Setting in House of Mirth
The historical setting of the House of Mirth is important in that it takes place at a time in American history when there was a high degree of immigration. The wealthy in America at this time were able to take advantage of this situation in that it afforded them low-cost servants. In addition, the use of various vehicles in the story such as motorcars and boats gives insight into the social status symbols the wealthy of the time used to set them apart from the rest. Lily grew accustomed to these extras life had to offer, and when she lost them, it not only served to create a forced lifestyle change but a reevaluation of who she was as a person.
After Lily fails to find the social status and wealth she craves, she is forced to support herself by trimming hats in a fashionable shop. At this point, Lily is a social outcast. The scenery described as dreary New York tenements adequately reflects how Lily feels on the inside. Wharton uses this setting in New York as a symbol for all that was ugly and undesirable in America at the time of the story.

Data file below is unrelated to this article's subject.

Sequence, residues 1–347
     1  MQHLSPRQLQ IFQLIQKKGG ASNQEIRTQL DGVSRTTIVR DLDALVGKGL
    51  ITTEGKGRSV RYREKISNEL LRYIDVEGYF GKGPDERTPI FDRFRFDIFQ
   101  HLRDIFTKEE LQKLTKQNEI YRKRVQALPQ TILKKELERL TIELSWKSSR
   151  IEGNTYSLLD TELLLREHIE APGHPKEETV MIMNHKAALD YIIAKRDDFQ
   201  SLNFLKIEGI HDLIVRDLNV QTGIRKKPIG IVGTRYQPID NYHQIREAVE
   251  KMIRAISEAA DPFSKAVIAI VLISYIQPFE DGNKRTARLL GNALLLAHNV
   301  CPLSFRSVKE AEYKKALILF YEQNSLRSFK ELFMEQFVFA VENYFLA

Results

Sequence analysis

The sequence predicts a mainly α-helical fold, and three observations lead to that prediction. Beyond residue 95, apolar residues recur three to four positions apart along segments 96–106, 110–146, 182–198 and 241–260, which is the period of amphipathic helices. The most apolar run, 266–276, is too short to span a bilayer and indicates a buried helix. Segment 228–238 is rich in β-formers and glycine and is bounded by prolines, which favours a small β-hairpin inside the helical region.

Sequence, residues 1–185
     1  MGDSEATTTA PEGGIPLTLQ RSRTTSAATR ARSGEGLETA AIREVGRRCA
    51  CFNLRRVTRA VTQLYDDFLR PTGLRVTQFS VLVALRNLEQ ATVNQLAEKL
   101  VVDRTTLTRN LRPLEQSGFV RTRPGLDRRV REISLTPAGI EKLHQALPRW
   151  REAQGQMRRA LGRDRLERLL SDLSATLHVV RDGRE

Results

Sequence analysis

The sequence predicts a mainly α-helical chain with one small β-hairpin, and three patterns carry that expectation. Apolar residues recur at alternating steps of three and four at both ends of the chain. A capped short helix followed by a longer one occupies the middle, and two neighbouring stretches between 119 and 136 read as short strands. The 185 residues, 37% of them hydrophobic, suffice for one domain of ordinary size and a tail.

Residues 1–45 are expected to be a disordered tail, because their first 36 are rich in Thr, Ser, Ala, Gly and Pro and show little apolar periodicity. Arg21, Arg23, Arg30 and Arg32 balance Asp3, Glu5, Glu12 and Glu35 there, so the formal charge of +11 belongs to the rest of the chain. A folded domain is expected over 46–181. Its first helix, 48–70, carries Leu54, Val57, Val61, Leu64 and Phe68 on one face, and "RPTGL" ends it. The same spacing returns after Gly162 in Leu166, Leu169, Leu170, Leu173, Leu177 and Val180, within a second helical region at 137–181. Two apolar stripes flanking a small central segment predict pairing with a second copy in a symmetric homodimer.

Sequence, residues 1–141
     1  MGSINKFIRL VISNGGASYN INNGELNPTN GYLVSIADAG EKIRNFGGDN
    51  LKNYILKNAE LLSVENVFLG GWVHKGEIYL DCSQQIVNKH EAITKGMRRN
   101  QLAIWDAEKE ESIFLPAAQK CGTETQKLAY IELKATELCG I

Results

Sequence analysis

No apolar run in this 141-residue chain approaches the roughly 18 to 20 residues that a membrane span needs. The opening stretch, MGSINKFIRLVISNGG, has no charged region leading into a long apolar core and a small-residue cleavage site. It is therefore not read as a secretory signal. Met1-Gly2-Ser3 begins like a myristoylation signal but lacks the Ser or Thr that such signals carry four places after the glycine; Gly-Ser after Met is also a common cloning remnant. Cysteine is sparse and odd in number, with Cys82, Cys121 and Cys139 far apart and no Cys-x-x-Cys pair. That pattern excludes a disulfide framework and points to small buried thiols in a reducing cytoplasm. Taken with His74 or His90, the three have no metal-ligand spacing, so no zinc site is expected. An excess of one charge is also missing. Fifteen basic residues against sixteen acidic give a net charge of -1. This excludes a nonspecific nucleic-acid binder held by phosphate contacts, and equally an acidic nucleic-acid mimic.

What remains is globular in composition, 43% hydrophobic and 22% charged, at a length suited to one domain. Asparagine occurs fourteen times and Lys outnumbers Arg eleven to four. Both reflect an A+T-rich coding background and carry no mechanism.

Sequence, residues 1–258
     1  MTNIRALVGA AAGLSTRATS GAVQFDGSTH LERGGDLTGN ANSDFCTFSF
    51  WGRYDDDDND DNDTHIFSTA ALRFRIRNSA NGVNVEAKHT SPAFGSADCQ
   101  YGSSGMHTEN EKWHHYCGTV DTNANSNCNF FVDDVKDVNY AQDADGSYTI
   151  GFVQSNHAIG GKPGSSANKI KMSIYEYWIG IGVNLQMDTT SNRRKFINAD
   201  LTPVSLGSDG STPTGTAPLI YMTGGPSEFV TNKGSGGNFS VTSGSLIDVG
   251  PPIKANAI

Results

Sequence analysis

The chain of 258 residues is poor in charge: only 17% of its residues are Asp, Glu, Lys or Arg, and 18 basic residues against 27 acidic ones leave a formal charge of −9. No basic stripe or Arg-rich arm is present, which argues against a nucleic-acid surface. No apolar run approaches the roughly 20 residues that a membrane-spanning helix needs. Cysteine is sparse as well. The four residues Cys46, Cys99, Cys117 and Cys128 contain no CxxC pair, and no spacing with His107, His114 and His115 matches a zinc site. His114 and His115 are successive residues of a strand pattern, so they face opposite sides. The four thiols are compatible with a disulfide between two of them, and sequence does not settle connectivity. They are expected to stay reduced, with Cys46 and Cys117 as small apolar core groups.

The library is also used in the novel to set the backdrop for the courtship rituals. In this manner, books are not read but rather serve as a ruse for flirtation. Even though Lily uses libraries and books in this manner for her own purposes, she overlooks this when Selden and Mrs. Dorset are found in the library together.